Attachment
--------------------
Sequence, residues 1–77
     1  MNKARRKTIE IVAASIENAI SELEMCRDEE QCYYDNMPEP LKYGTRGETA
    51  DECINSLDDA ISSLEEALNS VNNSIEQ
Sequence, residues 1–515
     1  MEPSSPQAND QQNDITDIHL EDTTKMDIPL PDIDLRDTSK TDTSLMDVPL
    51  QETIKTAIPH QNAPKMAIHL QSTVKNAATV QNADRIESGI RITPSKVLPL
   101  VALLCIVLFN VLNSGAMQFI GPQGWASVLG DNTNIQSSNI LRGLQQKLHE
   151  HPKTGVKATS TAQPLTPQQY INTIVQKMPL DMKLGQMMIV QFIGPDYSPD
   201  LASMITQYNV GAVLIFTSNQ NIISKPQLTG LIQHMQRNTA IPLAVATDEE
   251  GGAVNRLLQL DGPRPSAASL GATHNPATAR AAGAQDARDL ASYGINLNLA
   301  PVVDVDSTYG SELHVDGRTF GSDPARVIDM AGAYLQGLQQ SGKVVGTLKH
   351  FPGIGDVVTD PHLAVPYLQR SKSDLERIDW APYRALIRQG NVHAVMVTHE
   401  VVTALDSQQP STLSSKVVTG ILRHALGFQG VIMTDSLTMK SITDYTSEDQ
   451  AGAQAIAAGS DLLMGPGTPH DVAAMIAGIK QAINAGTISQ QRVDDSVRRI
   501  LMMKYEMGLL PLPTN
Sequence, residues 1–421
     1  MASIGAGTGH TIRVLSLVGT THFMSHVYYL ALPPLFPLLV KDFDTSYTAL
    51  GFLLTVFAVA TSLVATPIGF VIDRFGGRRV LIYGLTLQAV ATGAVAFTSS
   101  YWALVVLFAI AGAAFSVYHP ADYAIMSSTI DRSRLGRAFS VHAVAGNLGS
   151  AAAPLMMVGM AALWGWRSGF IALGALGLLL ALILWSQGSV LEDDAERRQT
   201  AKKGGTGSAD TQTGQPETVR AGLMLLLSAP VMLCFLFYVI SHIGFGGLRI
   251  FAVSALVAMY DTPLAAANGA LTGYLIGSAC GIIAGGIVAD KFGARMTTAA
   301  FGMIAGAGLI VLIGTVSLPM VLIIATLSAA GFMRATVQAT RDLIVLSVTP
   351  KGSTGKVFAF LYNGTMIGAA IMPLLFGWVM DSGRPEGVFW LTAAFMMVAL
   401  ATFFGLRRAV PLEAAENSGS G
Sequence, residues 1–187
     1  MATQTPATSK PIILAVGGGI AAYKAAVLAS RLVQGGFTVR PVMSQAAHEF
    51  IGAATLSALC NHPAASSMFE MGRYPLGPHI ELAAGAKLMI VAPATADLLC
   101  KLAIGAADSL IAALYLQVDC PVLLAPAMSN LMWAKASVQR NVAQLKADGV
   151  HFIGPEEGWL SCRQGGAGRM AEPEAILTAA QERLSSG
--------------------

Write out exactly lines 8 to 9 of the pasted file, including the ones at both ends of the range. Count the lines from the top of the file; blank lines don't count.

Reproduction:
   151  HPKTGVKATS TAQPLTPQQY INTIVQKMPL DMKLGQMMIV QFIGPDYSPD
   201  LASMITQYNV GAVLIFTSNQ NIISKPQLTG LIQHMQRNTA IPLAVATDEE